Some R-5 grads didn’t think the day would ever come
Outside of Brownson Arena, on the campus of Mesa State College, some car windows were decorated with pink, white and yellow script.
“Psycho ‘B’ you did it!” was written in pink and yellow on the back window of a Ford sport utility vehicle. “I love you dessy” in white lettering covered a Kia, and “Class of 2009 (heart)” in pink adorned the windows of a Lexus.
Inside the arena, it was the photographs, not the letters, that stood out. An elderly Marty Arnold, dressed in a circular brimmed, pink summer hat, brought the collection of snapshots with her. Bound in blue wrapping paper, the photo album rested under her chair, waiting for her graduate, as she sat patiently in a rear-aisle seat, watching the R-5 High School graduating class of 2009.
“She was my junior Partner 10 years ago, and we lost touch with each other,” Arnold said.
“Recently she contacted me and told me she would be graduating.”
The album was a collection of pictures of her and 9-year-old Sheri Smith. Arnold said she wasn’t sure if Smith would ever complete high school, but today she was sure.
“I’m so proud that she did,” Arnold said.
Sherry Price was proud of her graduate as well. Her daughter, Sarah, is 18 years old and has a baby. In October, she dropped out of traditional high school and found an alternative that worked for her.
“I think she needed an opportunity to be in an environment this small,” Price said of her daughter. “She is going to be a medical assistant and a mom.”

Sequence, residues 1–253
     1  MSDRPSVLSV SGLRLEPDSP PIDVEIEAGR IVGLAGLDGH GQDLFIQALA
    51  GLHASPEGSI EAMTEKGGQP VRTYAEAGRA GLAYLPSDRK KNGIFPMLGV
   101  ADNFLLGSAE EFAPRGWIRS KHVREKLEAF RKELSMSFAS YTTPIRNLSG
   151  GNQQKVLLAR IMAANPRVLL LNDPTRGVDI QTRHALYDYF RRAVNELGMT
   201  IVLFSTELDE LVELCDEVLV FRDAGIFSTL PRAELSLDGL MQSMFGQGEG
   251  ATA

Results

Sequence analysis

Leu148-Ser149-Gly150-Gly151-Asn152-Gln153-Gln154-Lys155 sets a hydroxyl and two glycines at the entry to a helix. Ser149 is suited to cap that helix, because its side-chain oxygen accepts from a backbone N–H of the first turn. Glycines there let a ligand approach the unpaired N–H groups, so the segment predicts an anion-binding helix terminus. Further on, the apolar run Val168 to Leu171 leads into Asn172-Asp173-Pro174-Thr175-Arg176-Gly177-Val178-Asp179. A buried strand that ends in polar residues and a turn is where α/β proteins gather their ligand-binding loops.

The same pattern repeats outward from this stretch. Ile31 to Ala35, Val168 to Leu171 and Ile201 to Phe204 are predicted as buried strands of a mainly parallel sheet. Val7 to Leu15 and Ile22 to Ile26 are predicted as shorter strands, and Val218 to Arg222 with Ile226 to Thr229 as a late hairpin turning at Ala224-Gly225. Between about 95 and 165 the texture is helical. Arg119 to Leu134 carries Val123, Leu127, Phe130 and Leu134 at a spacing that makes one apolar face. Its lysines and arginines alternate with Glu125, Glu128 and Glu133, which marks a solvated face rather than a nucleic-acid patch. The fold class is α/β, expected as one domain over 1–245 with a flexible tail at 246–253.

Dee Webb said her daughter, Kileen Morrison, 20, lost her way. She dropped out of school, went to work and found comfort with friends, Webb said of her daughter. Then something clicked.
“I think it was the realization that she better get a degree or a GED,” Webb said.
It was her peers and her friends that swayed Morrison to return to high school and complete the 12th grade.
“I think her story is inspirational,” Webb said. “We love this school.”
Every student has his or her own story, and each has overcome adversity to receive a diploma Friday, R-5 Principal Dave Casey said.
“These graduates have shown grit and determination to be where they are today,” Casey said.
Randy Dickeson, wearing a blue shirt to match R-5’s colors, nodded knowingly in response to Casey.
“This is really a moment that will live with us for the rest of our lives,” he said. “And no, quite honestly, I did not think this day would ever come.”
Plenty of former graduates were in the audience as well. Some had their young children with them. Others came with a pack of friends, anxious to start the “after-graduation party.”
“I’m watching my best friend,” Palisade High School junior Jesse Brannon said. “I didn’t think he was going to graduate. He didn’t really like school.”
His friend did graduate and, as with all the rest of the R-5 graduates, is now turning the pages on a new chapter in life.
“When you close one chapter, you have to move on to the next in order to finish,” said Phillip Shroder, comparing life to a good book.
Shroder was one of the graduates who was given the honor to speak before the class of ’09 during graduation. He closed with a self-authored poem, appropriately titled “Eyes Opening Wide.”